One has to wonder why he didn’t simply take the next step and describe a libertarian society.

Well, he explains why, sort of.

There are no commandments that can be uttered that would create a perfect utopian society. Indeed the very definition of the word “utopia” means literally “no place”. So there are no ways to perfectly describe a system of laws that would create a truly perfect classical liberal society.

So if we’re not trying to conjure up the ideal situation, i.e. a stateless society, why describe a limited government under a written constitution as…the ideal situation? It’s the sort of statement that belongs at the beginning of the article to prefix his vision, but it almost seems like he placed it there at the end to avoid calling attention to the fact that what he is proposing is very similar to the federalist republic created in 1789, but instead he’s calling it a “libertarian” one.

It’s much like what Voltaire said about the Holy Roman Empire; that it was neither holy, nor Roman, nor an empire.

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10 Responses to The Libertarian Republic That Wasn’t

  1. Pingback: The Libertarian Republic That Wasn’t | Freedom's Floodgates

  2. D says:

    Personally i agree with everything you wrote, i myself am an anarchist. But my understanding is that a majority of the libertarians in the US are minarchists. I was a minarchist libertarian at one point; I wasnt even aware of the concept of libertarian anarchy. The Libertarian Party is obviously a proponent of small government and I would guess it is the leading ‘libertarian movement’ currently in existance. I guess my point is that Im surprised at your surprise and I myself always drew a line between libertarians and libertarian anarchists as being two seperate things. Thoughts?


    • One area people get confused is the difference between a person’s political philosophy and the practical ways they seek to apply it in the real world. Most of the time, they differ. I am a anarchist, for example, but practically I believe in doing whatever is ultimately effective in promoting freedom, which includes using nullification or anti-commandeering legislation. The publisher of the Libertarian Republic has stated that his philosophy is limited government, i.e. he considers government to be a legitimate entity. Practically, this is not a problem, but philosophically its troubling to run a site with the word “libertarian” and then refer to yourself as a constitutionalist.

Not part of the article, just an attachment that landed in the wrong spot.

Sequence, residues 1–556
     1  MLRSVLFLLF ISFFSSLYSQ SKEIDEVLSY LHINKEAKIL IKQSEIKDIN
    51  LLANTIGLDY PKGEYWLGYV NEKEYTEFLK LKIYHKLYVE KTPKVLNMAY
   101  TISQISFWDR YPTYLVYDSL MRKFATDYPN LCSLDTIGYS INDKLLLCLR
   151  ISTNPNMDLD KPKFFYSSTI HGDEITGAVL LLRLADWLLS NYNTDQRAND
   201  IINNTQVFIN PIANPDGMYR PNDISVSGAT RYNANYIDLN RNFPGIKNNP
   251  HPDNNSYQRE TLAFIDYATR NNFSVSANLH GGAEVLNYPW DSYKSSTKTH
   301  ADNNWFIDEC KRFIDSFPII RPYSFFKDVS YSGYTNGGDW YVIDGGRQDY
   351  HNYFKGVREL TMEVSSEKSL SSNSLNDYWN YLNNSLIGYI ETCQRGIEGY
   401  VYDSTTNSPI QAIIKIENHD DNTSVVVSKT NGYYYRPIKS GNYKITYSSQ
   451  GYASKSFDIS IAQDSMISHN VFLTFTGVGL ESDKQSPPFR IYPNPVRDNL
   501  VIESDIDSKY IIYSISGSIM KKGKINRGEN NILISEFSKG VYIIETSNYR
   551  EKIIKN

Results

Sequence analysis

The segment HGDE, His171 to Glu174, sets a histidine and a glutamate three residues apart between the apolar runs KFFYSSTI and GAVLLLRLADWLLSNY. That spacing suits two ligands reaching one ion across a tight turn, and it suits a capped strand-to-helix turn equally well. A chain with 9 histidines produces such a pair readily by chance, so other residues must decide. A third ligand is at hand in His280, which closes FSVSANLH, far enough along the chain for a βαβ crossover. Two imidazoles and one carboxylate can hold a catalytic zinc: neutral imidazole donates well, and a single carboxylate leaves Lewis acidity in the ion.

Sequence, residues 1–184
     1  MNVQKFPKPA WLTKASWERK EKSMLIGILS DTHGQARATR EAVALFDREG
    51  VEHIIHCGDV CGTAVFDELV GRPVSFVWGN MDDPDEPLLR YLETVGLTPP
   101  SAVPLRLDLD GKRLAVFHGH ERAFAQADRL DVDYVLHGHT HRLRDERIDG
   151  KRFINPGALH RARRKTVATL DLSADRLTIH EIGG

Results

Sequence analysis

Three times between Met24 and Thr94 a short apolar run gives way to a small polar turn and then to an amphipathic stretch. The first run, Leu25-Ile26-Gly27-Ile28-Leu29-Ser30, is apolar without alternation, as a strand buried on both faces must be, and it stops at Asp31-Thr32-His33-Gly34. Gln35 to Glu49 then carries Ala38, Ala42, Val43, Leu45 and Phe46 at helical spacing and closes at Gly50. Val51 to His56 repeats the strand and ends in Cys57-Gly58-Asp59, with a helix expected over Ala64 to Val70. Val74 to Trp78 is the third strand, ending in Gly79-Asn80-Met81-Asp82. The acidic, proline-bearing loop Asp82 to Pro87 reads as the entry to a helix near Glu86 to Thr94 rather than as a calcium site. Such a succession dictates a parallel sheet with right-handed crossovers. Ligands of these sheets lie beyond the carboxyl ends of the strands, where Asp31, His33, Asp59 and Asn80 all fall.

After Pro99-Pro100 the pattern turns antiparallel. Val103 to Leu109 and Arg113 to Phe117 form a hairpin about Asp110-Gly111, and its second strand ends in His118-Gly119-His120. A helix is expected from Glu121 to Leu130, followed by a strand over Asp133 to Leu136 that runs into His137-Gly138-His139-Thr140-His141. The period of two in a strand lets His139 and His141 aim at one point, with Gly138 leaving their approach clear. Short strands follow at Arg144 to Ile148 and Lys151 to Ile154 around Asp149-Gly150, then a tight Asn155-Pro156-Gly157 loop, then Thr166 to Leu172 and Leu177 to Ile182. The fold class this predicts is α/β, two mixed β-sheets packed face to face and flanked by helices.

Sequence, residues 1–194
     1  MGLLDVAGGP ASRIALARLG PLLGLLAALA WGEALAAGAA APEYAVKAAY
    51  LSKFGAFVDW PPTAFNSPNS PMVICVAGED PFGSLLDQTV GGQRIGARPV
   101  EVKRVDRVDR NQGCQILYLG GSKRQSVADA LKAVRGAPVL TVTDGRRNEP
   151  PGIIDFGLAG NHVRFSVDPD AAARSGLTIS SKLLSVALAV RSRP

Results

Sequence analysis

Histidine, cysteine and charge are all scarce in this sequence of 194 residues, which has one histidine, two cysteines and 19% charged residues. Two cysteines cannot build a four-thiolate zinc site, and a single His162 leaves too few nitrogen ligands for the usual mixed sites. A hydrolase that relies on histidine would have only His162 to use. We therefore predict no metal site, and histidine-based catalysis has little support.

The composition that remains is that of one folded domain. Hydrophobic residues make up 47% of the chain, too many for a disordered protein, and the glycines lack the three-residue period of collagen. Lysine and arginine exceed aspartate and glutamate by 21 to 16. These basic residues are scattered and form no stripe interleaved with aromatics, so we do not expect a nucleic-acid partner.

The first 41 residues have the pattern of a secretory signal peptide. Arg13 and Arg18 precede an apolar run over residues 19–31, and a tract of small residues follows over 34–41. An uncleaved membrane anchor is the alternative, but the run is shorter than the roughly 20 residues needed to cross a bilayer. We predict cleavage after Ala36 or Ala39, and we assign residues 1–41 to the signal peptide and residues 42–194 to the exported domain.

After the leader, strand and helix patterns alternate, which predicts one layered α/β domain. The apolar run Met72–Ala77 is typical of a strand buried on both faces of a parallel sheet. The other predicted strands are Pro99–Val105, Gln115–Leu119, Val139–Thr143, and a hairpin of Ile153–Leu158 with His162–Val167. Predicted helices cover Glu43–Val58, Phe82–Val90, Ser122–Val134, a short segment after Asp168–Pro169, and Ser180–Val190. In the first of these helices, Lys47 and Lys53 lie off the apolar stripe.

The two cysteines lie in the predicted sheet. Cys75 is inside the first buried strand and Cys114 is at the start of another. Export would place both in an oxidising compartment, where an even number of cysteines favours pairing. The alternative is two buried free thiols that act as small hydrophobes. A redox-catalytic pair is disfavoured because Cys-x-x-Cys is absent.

As for the Libertarian Party, I don’t believe it has done the greatest job articulating libertarian philosophy.


  3. Great post and happy to find you by the way! Always nice to find another well read principled libertarian willing to speak out. I have a blog too but have not completed any posts just yet. So far I’ve really enjoyed reading yours.

    I would add that according to Rothbard’s “Power and Market” no tax is a consumption tax, since all “consumption” taxes wind up being an income tax imposed on original producers. The shortage of producers able to profit under the newly imposed “sales tax,” leading to the artificial lack of supply, is the reason for the rise in prices. I tend to agree with him on this, because if the sales tax really did add to the price, why wasn’t the price of the item in question already this high before the tax was imposed? Was the business providing the item charitably keeping prices low? Probably not. With this in mind, the collection of “sales” taxes would have to be forcibly collected from the producers and not voluntarily paid for by the consumers.

    A voluntary tax is just as ridiculous as a peaceful government.